The 6 Concussion Symptoms You Should NOT Ignore

Brain injuries are much in the news — and for good reason. Recent research shows that even a single concussion can have long term health consequences, such as structural brain damage. Brain damage can lead to depression and anxiety as well as a host of other symptoms including chronic headaches, memory issues, inability to control emotions, and lifelong concentration problems.

In a recent U.S. survey of more than 3,000 men and women, 23% said they had suffered at least one concussion during their lives. Researchers believe that percentage is low, as many symptoms are subtle or develop over time, making a diagnosis difficult.

“Another problem,” says Leanne O’Neil, owner of INDY Neurofeedback, “is there is no definitive, conclusive exam to diagnose a concussion. It often doesn’t show up on an MRI or a CT scan, so recognizing the symptoms is extremely important so you can get needed help as soon as possible to minimize the risk of lasting consequences.”

Here’s what to look for. Chances are you have a concussion if:

  1. You black out. If you black out even for a second or two, chances are you have a concussion, especially if you are disoriented and don’t remember how you got on the ground. Strangely though, being knocked out doesn’t mean you have a more severe concussion than if you weren’t unconscious.
  2. You have a headache that won’t go away. A pressure headache that won’t go away or gets worse when you lie down means blood flow to the brain has been affected. Doing mental or physical activities that bring more blood into the brain will also cause pain.
  3. You have trouble focusing your eyes. Double or blurry vision is a symptom, as is light sensitivity.
  4. You feel dizzy, off balance or feel sick to your stomach. If your head is spinning and you’re stumbling around, those are red flags. Even more subtle symptoms like feeling unsteady on your feet can indicate a brain injury.
  5. You feel foggy or confused. Having trouble remembering things, being unable to concentrate, or having more trouble than usual organizing tasks, solving problems, or making decisions are all signs that you’ve injured your brain.
  6. You feel lethargic and listless, or anxious and irritable. It takes a lot of energy to heal an injured brain. It’s very common to feel drowsy, lethargic, or irritable.

If you believe you or someone you care about has a concussion, take it seriously and trust your instincts.

Rest physically and cognitively during the first 48 hours or longer, depending on how you feel. Find someone to stay with you if you live alone, in case you develop symptoms of a life-threatening hematoma, characterized by loss of consciousness, inability to awaken, and/or severe headaches.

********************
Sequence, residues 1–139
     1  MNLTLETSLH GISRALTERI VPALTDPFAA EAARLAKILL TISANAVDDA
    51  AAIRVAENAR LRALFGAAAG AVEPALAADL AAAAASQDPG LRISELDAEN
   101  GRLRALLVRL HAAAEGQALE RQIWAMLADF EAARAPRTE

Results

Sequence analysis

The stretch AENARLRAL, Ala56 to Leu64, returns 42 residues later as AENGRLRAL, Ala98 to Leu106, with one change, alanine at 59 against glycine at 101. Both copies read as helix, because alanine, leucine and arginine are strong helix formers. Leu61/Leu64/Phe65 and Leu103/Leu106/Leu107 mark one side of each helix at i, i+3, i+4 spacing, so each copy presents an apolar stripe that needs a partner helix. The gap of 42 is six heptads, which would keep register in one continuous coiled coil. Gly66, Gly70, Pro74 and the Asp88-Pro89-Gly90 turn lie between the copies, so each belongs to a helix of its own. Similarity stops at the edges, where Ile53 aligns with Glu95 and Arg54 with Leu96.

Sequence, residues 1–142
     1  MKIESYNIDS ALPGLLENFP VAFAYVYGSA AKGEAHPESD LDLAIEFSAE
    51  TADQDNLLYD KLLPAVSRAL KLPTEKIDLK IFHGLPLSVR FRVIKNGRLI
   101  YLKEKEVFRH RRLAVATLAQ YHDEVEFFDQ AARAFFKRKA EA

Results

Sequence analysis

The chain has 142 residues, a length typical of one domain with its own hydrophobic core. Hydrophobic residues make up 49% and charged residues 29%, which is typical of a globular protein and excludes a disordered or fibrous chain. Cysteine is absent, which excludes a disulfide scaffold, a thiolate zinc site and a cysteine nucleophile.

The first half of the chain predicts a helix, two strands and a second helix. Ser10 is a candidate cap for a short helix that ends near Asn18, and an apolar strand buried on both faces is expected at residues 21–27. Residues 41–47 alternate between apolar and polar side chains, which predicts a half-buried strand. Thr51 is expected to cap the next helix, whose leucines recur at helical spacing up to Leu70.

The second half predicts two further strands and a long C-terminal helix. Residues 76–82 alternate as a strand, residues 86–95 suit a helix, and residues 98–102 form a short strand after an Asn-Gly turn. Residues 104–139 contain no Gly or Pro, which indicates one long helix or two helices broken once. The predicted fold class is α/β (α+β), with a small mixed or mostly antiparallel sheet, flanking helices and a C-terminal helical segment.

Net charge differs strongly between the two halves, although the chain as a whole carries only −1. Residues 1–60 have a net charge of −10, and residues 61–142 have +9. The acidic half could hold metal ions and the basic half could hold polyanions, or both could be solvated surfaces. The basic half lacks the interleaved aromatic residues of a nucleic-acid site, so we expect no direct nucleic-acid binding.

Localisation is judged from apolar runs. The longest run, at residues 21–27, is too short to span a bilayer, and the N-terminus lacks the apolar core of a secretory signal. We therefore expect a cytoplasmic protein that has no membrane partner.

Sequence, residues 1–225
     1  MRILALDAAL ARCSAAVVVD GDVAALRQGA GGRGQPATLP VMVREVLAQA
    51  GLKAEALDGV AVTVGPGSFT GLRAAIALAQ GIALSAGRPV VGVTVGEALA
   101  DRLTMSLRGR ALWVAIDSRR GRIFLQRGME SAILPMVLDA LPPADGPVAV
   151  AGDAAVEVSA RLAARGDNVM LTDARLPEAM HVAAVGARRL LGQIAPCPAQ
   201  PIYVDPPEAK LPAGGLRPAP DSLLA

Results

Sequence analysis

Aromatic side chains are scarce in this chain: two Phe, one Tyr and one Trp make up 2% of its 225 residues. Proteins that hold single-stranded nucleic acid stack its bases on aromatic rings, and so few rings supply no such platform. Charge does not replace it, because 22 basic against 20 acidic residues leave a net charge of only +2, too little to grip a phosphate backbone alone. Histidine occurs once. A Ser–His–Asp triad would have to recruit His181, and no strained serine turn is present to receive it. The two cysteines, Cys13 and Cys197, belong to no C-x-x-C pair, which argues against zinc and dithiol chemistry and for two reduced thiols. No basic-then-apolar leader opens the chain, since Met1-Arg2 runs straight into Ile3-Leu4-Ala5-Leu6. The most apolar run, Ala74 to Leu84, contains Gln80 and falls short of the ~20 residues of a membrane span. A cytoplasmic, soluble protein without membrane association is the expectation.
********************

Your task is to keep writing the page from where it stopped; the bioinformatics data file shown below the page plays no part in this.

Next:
“Bottom line,” cautions Leanne, “If you’ve hit your head hard and have any of the symptoms listed above, chances are you have a concussion and should contact your doctor.”

INDY Neurofeedback can help re-train brains which suffer the lingering effects of concussion – even years after the injury. But first, you must recognize the symptoms and get medical help. The sooner, the better.

Your Very Active, Unconscious Brain

Whether you are asleep or wide awake, your brain is always active.

Even when your body rests deeply in a coma — supposedly beyond the reach of feeling and thought — your brain is hard at work commanding the systems that are pumping blood through your body, moving air into an out of your lungs, and making sure your digestive system is processing food. Most likely, we now know, your brain is doing even more than that.

Research shows that the supposedly unconscious brain can indeed register sensations, store memories, and is where 99.9% of our mind activity resides. Even at root level (unconsciousness), our brain stores our thoughts along with perceptions and emotions, impacting what we say, think and do.

In studies at the University of California San Francisco, some sedated patients could, upon awakening, repeat word-for-word what doctors said while they were under sedation, indicating the brain may even be aware of its surroundings while anesthetized.

We know our brains work differently when under anesthesia and other drug-induced altered states. We also know those states are very different from the dreaming brain. And very different from an awake brain.